Written By Dice
“It’s this door,” declared Alexander gesturing to a white-wood moulded door, one of many in a seamlessly ending corridor which repeated in the same pattern of doors, plant pots and portraits of old men.
“I think you’ll find it is this door,” disagreed Zander demonstrating towards an identical door three doors down. Every door in the endless corridor was identical in every way. Having been led through a maze of identical, inter-crossing corridors full of identical white doors, Alex had no idea why these two should be different from any of the others. He decided it was best to ask Jennifer.
“This one is closer.”
“Who invented the room?”
“Who discovered its potential for inter-universal travel?”
Jennifer was the woman who he had met in the Impossible Room, which in turn had transformed into a replica of Number 10 Downing Street with this endless maze of corridors. Jennifer was the only one in the Impossible Room who wasn’t a parallel universe version of himself. She was slim with brown hair and a pretty face. She wore little make-up and had her hair drawn back into a low ponytail.
“What are they arguing about?”
“Which door leads to where we want to go,” she replied simply.
“But I thought we were, you know, travelling into the past.”
“We are. Each of these doors is a collision with another part of this universe. The Alexander has the ability, well it’s more of a sense, but anyway they can tell which door leads where, normally there’s only one Alexander, so there’s less arguing. Only less mind, Alexander’s favourite interlocutor is himself.”
“About the only one who knows what he’s talking about,” whispered Lexis, leaning into the conversation.
“So where are we going exactly?” enquired Alex.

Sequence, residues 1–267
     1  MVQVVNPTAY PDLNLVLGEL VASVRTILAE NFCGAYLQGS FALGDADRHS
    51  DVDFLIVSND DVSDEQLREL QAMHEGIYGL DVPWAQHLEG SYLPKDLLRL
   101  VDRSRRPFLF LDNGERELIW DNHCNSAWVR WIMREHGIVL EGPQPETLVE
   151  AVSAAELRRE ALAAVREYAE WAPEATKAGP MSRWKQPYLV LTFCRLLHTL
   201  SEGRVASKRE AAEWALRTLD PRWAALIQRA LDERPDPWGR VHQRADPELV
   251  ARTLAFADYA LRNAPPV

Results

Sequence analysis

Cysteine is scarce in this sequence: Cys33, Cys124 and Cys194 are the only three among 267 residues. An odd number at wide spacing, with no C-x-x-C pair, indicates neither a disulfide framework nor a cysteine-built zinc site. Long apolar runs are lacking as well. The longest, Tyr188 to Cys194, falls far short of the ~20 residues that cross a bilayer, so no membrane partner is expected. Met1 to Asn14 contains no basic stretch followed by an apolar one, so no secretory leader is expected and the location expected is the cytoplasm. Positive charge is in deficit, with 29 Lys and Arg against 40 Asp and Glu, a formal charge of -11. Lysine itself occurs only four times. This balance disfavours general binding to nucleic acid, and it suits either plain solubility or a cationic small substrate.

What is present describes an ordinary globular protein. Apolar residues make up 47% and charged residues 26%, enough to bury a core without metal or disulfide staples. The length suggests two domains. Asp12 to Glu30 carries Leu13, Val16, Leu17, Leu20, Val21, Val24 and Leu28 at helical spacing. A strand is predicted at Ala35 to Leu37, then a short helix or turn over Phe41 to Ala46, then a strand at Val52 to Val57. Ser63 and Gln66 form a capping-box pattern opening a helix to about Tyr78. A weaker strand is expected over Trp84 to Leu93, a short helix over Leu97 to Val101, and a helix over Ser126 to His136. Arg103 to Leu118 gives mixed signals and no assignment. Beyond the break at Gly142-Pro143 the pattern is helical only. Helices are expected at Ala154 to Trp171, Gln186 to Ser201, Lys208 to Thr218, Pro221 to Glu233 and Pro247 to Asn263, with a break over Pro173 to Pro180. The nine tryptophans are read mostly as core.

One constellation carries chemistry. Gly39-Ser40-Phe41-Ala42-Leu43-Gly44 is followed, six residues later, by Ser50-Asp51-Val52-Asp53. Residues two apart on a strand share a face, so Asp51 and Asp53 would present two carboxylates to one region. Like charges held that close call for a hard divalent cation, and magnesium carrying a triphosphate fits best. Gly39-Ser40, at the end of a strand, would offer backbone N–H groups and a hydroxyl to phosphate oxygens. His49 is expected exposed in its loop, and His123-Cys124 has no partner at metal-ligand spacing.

This time Alexander answered: “a henchman of our enemy is attempting to sabotage a lighthouse, a lighthouse currently, well in the past, but current to this door,” he empathised the use of the word ‘this’, “is currently guiding a ship as it lays the last of the Transatlantic telegraph cable.”
“If the cable isn’t laid human progress is slowed, and any delays in progress weaken us.” explained Jennifer.
“And we have no time to waste, so I’m going through this door.” announced Alexander.
Meanwhile a tall man dressed all in black grasped onto the railings of the lighthouse. He was not good with heights and felt nauseous as he slowly made his way around the top balcony.
A noise made him start. It was faint, but recognisable – it sounded like the turning of a door knob. Suddenly something hit him in the back and sent him screaming over the railings towards the cliff below. He bounced off the cliff down to the waters below.
At the top of the lighthouse Alexander leant through door he had opened.
“Sorry! Didn’t see you there!”
“What happened?” came a call from inside the impossible room. Alexander smiled as he realised who he had sent falling to his death. It was the henchman they had come for.
“Serendipity happened, my favourite of the dipities.”